Modern readers experience great dissonance when reading the end of Leviticus 24 along with Leviticus 25. The stoning in chapter 24 proves that God will not tolerate evil near His tabernacling presence, and the jubilee shows that God expects radical generosity and concern for neighbors where He dwells. Your most conservative friend would never imagine making a law to execute those who blaspheme God; your most progressive friend would never come up with such merciful legislation as the jubilee year, during which God expects the return of lands, the release of debts, and freedom for those in servitude. In the jubilee year, God purposes to prevent a disproportionate private accumulation of wealth; in Leviticus 25:23, He explicitly commands that the land is not to be sold in perpetuity. The jubilee proclamation also protects families from suffering utter ruin. So how do we live with the tension found in God’s severe judgement and His lavish mercy so close to each other?
It is enough to say that God hates evil with more passion than we do and loves us with more passion than we have for others. Both truths about God must be held together. Another fact highlights the difference between us and God: as far as we know, Israel never actually kept a jubilee year in the promised land. When Jesus announced at a synagogue the words of Isaiah, “The Spirit of the Lord is on me, because he has anointed me to proclaim good news to the poor. He has sent me to proclaim freedom for the prisoners and recovery of sight for the blind, to set the oppressed free,19 to proclaim the year of the Lord’s favor” (Luke 4:18-19), he is announcing the first jubilee year ever. Jesus, God in the flesh, would show the mercy Israel failed to show. This jubilee came because Jesus faced his own execution, yet for our blasphemy. We must always consider this fact as we read about events that are difficult for us to understand.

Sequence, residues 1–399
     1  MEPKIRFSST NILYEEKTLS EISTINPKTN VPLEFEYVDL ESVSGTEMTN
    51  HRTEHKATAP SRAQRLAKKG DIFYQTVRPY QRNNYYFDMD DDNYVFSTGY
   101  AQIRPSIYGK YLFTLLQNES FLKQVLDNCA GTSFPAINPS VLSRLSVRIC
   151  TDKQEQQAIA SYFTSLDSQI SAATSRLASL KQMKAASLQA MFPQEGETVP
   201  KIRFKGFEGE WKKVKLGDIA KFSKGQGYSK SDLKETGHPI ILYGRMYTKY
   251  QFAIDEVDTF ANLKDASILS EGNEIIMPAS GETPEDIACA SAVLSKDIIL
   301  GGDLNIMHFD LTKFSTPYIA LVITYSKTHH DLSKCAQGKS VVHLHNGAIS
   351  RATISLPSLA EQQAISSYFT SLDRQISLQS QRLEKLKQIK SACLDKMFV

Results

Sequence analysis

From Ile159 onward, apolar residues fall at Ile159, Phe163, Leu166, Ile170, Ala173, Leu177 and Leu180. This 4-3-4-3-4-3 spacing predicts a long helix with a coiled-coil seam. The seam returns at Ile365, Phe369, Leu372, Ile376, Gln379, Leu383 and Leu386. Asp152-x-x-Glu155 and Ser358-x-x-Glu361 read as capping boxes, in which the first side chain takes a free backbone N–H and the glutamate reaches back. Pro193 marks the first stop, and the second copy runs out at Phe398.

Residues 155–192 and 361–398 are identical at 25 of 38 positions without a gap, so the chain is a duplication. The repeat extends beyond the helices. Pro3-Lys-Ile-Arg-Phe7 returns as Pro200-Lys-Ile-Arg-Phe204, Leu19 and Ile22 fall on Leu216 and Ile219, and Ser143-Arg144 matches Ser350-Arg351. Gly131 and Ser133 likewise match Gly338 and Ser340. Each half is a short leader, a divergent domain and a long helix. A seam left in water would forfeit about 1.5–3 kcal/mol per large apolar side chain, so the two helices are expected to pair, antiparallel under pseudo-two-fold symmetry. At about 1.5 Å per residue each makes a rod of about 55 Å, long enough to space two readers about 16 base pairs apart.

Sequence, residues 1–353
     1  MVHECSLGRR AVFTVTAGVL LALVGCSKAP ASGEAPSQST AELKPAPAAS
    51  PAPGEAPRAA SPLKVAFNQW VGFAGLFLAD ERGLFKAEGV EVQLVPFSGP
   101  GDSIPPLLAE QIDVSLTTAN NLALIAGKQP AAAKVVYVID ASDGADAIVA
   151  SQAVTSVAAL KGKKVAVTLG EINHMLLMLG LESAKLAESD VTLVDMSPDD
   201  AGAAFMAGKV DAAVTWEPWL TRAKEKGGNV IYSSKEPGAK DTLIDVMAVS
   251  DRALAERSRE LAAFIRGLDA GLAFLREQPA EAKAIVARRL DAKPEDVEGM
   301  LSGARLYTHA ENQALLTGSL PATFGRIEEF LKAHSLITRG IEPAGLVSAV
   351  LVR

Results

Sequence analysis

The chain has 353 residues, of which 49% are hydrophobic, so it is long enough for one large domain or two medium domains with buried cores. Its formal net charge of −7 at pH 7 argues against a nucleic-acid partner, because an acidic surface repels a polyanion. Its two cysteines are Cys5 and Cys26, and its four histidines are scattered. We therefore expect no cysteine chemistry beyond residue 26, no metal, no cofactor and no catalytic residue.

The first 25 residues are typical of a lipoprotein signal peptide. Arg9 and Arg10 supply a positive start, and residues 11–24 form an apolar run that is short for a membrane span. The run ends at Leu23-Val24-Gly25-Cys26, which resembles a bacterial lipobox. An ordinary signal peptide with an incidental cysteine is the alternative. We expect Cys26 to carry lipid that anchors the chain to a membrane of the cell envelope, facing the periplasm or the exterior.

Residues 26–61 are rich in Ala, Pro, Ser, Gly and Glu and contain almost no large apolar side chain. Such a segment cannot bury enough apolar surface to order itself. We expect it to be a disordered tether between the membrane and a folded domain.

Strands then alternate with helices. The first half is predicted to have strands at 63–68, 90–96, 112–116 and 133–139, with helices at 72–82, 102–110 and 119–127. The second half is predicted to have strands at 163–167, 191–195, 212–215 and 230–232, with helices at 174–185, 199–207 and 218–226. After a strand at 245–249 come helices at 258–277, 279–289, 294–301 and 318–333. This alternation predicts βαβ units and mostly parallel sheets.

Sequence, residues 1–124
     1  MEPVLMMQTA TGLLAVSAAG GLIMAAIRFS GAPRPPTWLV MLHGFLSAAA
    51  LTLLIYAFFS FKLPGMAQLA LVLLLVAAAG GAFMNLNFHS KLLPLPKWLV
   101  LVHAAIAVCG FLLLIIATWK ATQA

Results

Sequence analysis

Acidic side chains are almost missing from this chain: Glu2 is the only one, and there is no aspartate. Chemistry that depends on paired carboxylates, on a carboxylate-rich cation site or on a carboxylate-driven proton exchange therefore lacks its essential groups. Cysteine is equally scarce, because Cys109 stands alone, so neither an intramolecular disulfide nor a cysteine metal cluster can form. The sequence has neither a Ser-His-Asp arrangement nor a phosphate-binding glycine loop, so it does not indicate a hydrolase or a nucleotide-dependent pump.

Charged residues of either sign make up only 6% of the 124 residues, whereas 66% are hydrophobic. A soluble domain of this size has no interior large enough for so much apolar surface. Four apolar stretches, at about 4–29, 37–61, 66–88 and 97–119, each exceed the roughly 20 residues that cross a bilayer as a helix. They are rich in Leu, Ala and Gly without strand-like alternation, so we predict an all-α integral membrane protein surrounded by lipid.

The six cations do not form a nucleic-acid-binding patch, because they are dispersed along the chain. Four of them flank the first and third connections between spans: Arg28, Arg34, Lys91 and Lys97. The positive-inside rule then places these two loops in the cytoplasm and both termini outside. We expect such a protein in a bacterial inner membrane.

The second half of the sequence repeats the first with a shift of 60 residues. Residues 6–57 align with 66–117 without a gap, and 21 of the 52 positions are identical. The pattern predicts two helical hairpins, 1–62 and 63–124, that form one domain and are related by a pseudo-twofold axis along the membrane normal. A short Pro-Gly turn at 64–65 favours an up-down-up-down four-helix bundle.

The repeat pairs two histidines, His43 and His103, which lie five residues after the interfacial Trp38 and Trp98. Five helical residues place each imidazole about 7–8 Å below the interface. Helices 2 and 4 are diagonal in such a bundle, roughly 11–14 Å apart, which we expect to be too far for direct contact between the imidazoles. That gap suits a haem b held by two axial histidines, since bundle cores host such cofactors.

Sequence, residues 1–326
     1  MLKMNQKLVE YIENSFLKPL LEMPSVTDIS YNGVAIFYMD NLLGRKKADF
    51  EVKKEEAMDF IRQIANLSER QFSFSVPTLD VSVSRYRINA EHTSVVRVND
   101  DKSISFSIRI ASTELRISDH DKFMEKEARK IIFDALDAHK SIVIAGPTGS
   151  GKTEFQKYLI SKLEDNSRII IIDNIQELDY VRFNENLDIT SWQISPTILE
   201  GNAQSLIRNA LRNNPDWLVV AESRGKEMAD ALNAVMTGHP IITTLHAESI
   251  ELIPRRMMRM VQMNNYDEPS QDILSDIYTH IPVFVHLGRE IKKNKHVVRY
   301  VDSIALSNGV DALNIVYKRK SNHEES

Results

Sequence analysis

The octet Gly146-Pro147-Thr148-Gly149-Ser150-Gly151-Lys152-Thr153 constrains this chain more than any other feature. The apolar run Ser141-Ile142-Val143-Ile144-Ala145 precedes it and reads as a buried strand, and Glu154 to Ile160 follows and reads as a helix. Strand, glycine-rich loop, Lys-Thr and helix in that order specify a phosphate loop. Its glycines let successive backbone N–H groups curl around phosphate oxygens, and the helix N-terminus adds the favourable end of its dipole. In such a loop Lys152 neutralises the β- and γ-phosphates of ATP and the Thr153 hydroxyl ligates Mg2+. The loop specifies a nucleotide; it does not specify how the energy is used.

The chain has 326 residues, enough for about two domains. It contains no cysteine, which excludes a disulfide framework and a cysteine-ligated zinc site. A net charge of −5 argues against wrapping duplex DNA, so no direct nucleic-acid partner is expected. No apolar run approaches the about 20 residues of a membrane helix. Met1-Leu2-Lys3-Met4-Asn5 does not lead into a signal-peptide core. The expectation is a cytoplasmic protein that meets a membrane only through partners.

Israel kept a calendar in the days of Moses to commemorate God’s great works; Passover, Yom Kippur, and the Sabbath persist as a regular part of Jewish life together over 3,000 years later. In Leviticus, God gave Israel these holidays as disciplines that would place their focus on God and His salvation both weekly and yearly. The day of atonement would draw attention to the gravity of sin and God granting access to His presence. Passover would recall God’s deliverance from Egypt. Sabbath is a cry for God’s people to rest while looking forward to ultimate rest. As Christians, we do well to consider how marking certain days and events also focuses our attention on God. We celebrate Easter and Christmas, but these holidays are, even for believers, often marked more by our typical cultural practices (e.g., shopping, Easter egg hunts) than any focus on God’s salvation. Other calendar highlights, too, can uniquely sharpen our attention towards God’s work. For example, we fast during Lent to prepare for good Friday through consideration of the sacrifice Jesus makes to give us life. Easter then takes on new meaning as we feast in celebration of the new life we experience. During Advent, we consider the longing the Jews had for a messiah and thus pause to consider how Christmas tells us we are to await the messiah’s return again. All these yearly rhythms can transform a people to remember God’s salvation and look forward to His deliverance, just like God intended for Israel. Setting days apart for reflection on Jesus’ work doesn’t necessarily make us better Christians, nor are we commanded to keep particular days. However, when we mark certain days in faith and consider God’s works, this certainly can shape us like these holidays shaped the Jewish people over the centuries.